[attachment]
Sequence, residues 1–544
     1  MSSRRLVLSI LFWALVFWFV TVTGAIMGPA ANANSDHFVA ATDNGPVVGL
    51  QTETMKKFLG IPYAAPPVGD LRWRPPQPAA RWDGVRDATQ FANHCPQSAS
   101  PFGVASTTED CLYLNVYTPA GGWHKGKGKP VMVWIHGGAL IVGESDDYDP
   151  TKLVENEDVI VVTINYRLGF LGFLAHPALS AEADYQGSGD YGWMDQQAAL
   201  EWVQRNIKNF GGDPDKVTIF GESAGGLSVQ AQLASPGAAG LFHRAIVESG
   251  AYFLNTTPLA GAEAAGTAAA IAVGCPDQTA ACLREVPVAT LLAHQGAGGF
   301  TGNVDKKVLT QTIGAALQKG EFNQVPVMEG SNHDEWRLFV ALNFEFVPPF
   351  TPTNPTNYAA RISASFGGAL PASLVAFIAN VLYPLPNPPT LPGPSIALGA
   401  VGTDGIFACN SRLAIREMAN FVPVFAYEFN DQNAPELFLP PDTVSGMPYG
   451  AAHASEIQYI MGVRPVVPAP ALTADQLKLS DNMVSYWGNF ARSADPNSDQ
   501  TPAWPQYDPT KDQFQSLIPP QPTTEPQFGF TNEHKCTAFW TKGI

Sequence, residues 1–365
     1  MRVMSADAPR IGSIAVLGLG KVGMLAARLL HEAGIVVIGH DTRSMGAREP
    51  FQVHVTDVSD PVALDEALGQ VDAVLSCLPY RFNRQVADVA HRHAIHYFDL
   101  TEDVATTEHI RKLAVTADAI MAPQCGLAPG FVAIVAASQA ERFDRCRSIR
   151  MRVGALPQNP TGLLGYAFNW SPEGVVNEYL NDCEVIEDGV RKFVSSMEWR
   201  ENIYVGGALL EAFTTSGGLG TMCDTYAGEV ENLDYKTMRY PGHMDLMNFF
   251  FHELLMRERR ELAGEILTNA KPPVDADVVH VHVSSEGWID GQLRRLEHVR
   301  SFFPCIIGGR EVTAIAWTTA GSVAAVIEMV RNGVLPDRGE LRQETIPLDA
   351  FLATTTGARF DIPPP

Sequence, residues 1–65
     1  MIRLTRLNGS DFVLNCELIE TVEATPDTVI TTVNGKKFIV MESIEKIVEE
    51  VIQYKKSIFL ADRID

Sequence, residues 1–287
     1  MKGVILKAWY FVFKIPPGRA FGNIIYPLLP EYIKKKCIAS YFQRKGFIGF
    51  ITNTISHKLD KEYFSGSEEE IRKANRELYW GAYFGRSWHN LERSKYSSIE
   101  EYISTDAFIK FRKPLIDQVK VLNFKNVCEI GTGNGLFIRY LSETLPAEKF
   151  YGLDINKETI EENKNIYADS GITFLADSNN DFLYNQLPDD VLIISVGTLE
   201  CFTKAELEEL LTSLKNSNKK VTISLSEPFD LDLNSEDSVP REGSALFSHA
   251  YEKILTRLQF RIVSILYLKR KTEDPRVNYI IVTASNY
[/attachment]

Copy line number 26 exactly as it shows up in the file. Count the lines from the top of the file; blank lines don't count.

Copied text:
     1  MKGVILKAWY FVFKIPPGRA FGNIIYPLLP EYIKKKCIAS YFQRKGFIGF